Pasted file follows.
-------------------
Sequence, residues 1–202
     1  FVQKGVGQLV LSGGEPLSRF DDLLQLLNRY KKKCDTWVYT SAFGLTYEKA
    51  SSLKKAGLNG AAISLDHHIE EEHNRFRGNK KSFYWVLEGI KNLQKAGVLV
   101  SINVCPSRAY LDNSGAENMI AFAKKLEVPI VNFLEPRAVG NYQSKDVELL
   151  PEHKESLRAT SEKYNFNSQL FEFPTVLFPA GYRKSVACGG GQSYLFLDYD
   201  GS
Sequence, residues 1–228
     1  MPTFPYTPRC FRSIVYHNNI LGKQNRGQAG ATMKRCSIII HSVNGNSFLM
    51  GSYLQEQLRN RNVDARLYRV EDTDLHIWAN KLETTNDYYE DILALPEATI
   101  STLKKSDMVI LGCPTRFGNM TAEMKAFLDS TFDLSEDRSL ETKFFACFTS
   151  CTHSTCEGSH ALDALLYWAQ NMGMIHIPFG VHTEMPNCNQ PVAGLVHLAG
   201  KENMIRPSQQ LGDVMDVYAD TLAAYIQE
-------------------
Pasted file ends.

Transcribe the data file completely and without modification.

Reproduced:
Sequence, residues 1–202
     1  FVQKGVGQLV LSGGEPLSRF DDLLQLLNRY KKKCDTWVYT SAFGLTYEKA
    51  SSLKKAGLNG AAISLDHHIE EEHNRFRGNK KSFYWVLEGI KNLQKAGVLV
   101  SINVCPSRAY LDNSGAENMI AFAKKLEVPI VNFLEPRAVG NYQSKDVELL
   151  PEHKESLRAT SEKYNFNSQL FEFPTVLFPA GYRKSVACGG GQSYLFLDYD
   201  GS
Sequence, residues 1–228
     1  MPTFPYTPRC FRSIVYHNNI LGKQNRGQAG ATMKRCSIII HSVNGNSFLM
    51  GSYLQEQLRN RNVDARLYRV EDTDLHIWAN KLETTNDYYE DILALPEATI
   101  STLKKSDMVI LGCPTRFGNM TAEMKAFLDS TFDLSEDRSL ETKFFACFTS
   151  CTHSTCEGSH ALDALLYWAQ NMGMIHIPFG VHTEMPNCNQ PVAGLVHLAG
   201  KENMIRPSQQ LGDVMDVYAD TLAAYIQE